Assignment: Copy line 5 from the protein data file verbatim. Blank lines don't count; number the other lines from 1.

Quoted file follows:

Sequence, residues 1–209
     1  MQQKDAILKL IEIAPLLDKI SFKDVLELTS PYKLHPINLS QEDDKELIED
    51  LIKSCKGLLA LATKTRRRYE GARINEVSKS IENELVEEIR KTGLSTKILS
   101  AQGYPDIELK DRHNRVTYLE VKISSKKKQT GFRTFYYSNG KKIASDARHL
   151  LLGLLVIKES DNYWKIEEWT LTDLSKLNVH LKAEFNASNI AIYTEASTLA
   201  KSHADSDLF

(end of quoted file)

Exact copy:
   151  LLGLLVIKES DNYWKIEEWT LTDLSKLNVH LKAEFNASNI AIYTEASTLA